Title:  Intended insurrection

Date:  July 15, 1775

Source: Colonial Records [From MS. Records in Office of Secretary of State]


Letter from Colonel John Simpson, Chairman of Safety Committee in Pitt County, to Colonel Richard Cogdell , Chairman of Safety Committee in Craven County, Reporting an Intended Negro Insurrection


CHATHAM, July 15th 1775.



Having leisure I sit down to inform you of the occurrences since my last.  Our committee met the ---- Inst, when the Express arrived from Mr Edward Salter giving us account of a discovery that was made in Beaufort County by one of Mr Bayner and one of Capt. Respess negro men unto Capt. Thomas Respess of an intended insurrection of the negroes against the whole people which was to be put into execution that night.  We immediately sent off an Express to Tarborough to alarm the inhabitants there.  We then proceeded to business and appointed upwards of one hundred men as patrollers and passed a resolved that any negroes that should be destroyed by them or any person in company with them in apprehending should be paid for by a tax on the negroes in this county.  We then separated to sound the alarm thro’ this county and to apprehend the suspected heads.  By night we had in custody and the goal near forty under proper guard.  Sunday the Committee sett and proceeded to examine into the affair and find it a deep laid Horrid Tragick [sic] Plan laid for destroying the inhabitants of this province without respect of persons age or sex.  By negro evidence it appears that Capt ____Johnson of White Haven, who hath just loaded his Brigg with Naval Stores for that port, in consort with Merrick, a negro man slave who formerly Belonged to Major Clark a Pilot at Okacock but now to Catt Nath Blinn of Bath Town propagated the contagion. *  *  The contagion has spread beyond the waters There are five negroes * * * were whipt this day by order.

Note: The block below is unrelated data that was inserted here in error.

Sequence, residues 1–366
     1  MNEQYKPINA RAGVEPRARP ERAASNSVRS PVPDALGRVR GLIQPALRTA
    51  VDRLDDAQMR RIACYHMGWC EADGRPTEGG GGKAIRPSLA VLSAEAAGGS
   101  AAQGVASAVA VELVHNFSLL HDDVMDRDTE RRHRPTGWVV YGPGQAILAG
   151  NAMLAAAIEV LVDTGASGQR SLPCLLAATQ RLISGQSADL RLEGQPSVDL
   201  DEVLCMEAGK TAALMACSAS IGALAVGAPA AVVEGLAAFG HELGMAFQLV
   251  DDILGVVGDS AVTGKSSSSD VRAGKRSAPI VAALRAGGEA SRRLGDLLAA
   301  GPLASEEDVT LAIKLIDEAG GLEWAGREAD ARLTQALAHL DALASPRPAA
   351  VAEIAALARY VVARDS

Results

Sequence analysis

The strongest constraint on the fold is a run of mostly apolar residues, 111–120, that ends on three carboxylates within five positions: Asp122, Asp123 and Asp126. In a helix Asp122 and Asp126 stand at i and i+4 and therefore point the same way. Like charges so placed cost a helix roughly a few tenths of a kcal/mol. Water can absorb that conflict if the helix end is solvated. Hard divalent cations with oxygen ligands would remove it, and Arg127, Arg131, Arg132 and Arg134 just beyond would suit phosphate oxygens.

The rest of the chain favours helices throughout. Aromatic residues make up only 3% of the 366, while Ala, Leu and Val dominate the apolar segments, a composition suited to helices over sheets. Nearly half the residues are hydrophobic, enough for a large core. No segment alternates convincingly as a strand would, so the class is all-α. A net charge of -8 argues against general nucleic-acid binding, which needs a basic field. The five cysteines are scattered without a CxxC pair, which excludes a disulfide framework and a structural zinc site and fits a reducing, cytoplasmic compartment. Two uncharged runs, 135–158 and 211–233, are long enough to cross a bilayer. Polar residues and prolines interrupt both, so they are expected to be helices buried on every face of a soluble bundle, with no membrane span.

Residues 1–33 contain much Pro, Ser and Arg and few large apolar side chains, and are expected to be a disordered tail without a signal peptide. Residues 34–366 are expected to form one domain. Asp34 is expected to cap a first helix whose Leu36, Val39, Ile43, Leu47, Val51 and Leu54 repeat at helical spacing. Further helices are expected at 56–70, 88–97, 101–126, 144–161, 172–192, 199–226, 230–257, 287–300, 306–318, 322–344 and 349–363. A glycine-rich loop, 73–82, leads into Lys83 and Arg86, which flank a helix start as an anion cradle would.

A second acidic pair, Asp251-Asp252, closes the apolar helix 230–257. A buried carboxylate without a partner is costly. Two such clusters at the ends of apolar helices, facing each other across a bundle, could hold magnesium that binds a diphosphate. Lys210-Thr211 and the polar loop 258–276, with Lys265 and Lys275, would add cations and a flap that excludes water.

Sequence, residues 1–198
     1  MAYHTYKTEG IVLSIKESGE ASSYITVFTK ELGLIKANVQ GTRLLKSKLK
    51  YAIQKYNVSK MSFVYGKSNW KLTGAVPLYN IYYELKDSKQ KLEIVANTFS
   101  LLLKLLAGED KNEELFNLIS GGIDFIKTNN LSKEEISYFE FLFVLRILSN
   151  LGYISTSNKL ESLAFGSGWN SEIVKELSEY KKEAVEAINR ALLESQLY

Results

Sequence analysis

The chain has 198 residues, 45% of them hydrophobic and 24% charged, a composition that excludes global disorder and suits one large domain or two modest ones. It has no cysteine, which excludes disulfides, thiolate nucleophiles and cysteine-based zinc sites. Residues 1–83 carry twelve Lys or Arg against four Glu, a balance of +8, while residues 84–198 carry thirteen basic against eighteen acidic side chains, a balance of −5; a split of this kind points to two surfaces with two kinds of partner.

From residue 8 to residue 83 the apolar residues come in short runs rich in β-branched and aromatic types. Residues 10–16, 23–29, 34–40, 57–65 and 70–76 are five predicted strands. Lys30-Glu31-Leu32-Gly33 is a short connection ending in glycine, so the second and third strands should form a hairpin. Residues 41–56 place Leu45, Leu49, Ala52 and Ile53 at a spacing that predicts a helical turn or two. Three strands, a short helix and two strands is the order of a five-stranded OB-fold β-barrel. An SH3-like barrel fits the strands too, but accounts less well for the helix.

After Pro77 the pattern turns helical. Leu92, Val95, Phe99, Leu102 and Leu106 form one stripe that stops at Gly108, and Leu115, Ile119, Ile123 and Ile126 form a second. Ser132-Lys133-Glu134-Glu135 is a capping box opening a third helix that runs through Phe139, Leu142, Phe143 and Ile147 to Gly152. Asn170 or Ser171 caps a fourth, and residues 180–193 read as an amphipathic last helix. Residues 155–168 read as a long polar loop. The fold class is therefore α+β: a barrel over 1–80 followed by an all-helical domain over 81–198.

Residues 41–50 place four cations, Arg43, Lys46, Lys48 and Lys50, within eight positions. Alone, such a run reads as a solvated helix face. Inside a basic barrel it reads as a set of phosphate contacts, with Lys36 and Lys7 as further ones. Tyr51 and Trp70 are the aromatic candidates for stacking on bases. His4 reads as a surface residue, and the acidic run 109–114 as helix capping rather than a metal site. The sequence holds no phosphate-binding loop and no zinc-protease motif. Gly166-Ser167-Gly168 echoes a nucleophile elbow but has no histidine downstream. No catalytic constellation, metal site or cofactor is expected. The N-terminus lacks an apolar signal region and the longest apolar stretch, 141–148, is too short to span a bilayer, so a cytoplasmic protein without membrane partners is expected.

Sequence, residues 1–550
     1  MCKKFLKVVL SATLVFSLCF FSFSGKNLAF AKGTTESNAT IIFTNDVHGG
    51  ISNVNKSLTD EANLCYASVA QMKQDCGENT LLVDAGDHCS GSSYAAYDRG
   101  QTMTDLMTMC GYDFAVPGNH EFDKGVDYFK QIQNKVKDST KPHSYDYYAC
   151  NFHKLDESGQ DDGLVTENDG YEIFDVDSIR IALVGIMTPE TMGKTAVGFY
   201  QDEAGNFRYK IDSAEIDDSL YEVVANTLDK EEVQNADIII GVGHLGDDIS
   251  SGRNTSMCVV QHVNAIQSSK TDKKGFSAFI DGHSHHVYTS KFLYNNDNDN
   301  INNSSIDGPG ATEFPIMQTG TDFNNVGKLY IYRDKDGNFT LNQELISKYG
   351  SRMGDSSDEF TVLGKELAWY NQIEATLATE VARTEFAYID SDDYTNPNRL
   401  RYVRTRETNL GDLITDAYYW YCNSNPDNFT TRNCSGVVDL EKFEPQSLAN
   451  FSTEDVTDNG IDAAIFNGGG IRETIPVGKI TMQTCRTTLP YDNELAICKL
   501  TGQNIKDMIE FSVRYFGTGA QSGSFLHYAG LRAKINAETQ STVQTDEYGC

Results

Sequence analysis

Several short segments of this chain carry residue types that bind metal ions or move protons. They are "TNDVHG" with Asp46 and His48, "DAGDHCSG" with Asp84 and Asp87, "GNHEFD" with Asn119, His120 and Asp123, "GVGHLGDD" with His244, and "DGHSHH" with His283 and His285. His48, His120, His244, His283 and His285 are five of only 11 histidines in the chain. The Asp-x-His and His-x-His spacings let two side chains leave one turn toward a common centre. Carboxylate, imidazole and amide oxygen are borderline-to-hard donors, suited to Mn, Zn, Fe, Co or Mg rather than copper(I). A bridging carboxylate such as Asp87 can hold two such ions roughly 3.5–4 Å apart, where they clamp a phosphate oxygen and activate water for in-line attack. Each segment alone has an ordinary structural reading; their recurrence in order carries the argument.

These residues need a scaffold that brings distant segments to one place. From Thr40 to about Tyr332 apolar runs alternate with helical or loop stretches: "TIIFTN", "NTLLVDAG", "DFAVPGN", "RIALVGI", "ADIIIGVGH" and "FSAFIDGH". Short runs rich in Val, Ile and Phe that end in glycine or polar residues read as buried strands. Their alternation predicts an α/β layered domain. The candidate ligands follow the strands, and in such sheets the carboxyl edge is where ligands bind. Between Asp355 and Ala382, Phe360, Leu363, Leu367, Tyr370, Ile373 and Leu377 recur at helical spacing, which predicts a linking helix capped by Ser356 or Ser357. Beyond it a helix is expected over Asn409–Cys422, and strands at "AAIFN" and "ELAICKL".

Monday. ----The Committee sat.  Ordered several to be severely whipt and sentenced several to receive 80 lashes each to have both Ears crap [ed] which was executed in presence of the Committee and a great number of spectators.  In the afternoon we rec [ieved] by express from Coll. Blount *  * of  *  * negroes being in arms on the line of Craven and Pitt and prayed assistance of men and ammunition which we readily granted.  We posted guards upon the roads for several miles that night.  Just as I got home came one of Mr Nelson’s sons from Pometo (near Mr Harlan’s mill) and informed me of 250 negroes that had been pursued for several days but none taken nor seen tho’ they were several times fired at.  Had he been at Martinborough he would have received pay for his negroes.  On Tuesday we sent off two companies of Light Horse, one to Lower and one to Upper Swift Creek Bridge in order to find from whence the report arose and found the author to be a negro wench of William Taylor’s on Clayroot, with design to kill her master and mistress and Lay it upon those negroes.  She has received severe correction.  Since that we have remained as quiet as we could expect from the nature of things.  We keep taking up, examining and scourging more or less every day; from whichever part of the County they come they all confess nearly the same thing, viz that they were one and all on the night of the 8th inst to fall on and destroy the family where they lived, then to proceed from House to House (Burning as they went)  until they arrived in the Back Country where they were to be received with open arms by a number of Persons there appointed and armed by Government for their Protection, and as a further reward they were to be settled in a free government of their own.

Cap[t] Johnson its said was heard to say that he’d return in the fall and take choice of the Plantations upon this River.  But as it hath pleased God to discover the plot, It is of the Lord’s mercies that we are not consumed;  Let us therefore Beseech Him to continue our very present help in every time of need.  I promised myself the pleasure of seeing some of my friends in Newvbern this week notwithstanding the Prorogation, but cannot get my family so composed as I could wish, to leave them.

This week I expect will compleat [sic] our private musters for making choice of their Captains, &c.  On Monday next our committee meets to proceed on red Business.

We must found plan to circumvent the operation of the aforementioned accursed plan or we shall become an easy prey.  My compliments to Coll. Caswell  and all enquiring friends.


I am with great regard,

Your Hum. Serv.,



P. S.  In disarming the negroes we found considerable ammunition.